2. Related to #3, you survive many planning meetings without ever decomposing a single user story. Maybe it's possible that you entered all your planning meetings with all your user stories perfectly decomposed into chunks that can be delivered end-to-end inside of one iteration, but it's not particularly likely to happen iteration after iteration (unless your product owner is exceedingly well-trained).  Odds are your stories are going in too big, and you're about to experience #5 from this list.  You need to have a discussion about the right size for a user story, the difference between user stories and tasks, and how to write user stories correctly.  You may need to allow extra time for planning for several iterations until the right way becomes a healthy habit, and the wrong way starts to feel weird.

1. Your team throws out Agile practices willy-nilly whenever they become more than mildly inconvenient, yet still expects to reap the benefits of Agile.  I'm the last person to say that teams must absolutely adhere to Agile dogma (though one could get that impression based on my blog postings), but when you're making tweaks and changes to your process, you really must think carefully about what you're changing, why you're changing it, and what the potential unintended (and direct) consequences of your change may be.  If you choose three-week iterations, it's going to take months to establish a velocity.  If you don't track or use your velocity in planning, your estimates aren't going to be very useful.  Be very cautious here: it's easy to fall into the trap of the "compressed waterfall."  And don't complain that Agile failed when you've thrown the baby out with the bathwater, adopting a process that looks nothing like Agile (but still calling it "Agile").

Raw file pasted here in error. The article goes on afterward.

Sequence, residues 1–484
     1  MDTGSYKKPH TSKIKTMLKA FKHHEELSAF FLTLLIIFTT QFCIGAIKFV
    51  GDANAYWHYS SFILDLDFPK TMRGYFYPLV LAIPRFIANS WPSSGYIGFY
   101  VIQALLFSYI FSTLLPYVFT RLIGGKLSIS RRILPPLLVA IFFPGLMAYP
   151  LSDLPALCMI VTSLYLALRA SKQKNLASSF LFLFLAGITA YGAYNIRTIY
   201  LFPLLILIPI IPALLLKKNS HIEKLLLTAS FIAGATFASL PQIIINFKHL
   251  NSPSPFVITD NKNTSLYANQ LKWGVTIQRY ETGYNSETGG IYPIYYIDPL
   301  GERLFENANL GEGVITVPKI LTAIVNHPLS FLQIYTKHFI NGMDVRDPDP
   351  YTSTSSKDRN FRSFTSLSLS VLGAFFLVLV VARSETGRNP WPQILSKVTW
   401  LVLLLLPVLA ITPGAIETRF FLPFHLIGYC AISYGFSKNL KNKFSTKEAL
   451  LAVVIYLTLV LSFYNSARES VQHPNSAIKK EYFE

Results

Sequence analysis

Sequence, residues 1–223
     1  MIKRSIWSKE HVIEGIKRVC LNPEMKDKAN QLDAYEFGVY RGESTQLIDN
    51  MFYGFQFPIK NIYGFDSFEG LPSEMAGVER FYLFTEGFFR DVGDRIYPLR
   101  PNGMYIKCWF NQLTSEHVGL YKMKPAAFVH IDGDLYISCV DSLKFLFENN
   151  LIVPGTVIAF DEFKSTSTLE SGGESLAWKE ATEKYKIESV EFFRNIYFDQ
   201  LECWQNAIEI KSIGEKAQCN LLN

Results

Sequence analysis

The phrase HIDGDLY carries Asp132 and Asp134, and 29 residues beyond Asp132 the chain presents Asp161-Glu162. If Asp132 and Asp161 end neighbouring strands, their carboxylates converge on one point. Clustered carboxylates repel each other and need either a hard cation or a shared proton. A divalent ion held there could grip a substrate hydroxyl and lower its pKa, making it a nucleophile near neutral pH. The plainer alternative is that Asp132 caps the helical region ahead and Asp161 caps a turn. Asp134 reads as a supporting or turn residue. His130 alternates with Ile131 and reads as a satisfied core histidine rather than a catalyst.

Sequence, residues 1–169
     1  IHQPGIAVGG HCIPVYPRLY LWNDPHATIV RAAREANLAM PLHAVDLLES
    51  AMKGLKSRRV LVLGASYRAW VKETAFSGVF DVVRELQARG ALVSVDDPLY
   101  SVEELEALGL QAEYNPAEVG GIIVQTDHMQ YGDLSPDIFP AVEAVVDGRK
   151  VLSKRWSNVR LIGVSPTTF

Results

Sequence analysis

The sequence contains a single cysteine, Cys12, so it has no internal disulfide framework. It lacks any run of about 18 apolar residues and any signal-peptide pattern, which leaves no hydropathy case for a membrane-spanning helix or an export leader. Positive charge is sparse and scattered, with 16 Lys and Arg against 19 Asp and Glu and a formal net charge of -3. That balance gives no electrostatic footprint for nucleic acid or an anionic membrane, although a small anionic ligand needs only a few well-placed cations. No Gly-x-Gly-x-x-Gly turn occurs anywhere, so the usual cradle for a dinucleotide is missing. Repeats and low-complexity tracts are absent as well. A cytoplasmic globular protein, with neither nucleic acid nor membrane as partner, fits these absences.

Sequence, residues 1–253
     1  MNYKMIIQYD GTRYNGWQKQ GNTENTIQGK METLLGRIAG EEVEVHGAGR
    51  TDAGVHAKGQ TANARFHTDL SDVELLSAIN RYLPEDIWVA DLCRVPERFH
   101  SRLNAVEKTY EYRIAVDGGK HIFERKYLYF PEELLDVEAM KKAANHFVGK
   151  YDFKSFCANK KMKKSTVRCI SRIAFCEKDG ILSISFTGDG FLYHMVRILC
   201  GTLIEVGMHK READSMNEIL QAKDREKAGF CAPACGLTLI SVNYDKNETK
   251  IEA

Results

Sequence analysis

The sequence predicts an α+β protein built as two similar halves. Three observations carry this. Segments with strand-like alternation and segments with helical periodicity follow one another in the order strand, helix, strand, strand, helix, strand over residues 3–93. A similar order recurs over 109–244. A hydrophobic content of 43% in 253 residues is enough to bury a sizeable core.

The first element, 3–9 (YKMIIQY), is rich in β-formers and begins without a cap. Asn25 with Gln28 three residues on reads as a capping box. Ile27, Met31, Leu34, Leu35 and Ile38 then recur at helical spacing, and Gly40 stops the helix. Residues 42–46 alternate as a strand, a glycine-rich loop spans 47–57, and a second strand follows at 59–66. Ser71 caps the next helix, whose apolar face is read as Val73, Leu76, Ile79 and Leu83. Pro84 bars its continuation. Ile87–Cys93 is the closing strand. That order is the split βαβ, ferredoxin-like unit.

Bonus: Nobody from the team ever acts as a dissenting voice in your commits, retrospectives, or estimation exercises.  Nothing says "just get me out of this meeting" than everyone giving a "five" when you call for a "fist of five" to commit for the iteration.  Similarly, nothing says "I don't really care about the size of this story" than having a handful of people giving a different estimate, yet automatically giving in to the more-common estimate without any discussion.  Your team is getting burned out, they don't understand the process, or they have no incentive to care.  Take the time to really understand the underlying problem here, rather than just having a knee-jerk reaction to it.  You may find valuable insight.

Like most things in life, what you get out of Agile is directly proportional to what you put into it.  Know your Agile practices, but also know why the practices are what they are, and understand the consequences of abandoning, changing, or tweaking the practices in your organization.  Make sure these consequences are clearly communicated to your stakeholders, too!

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This page is an archive of entries from January 2014 listed from newest to oldest.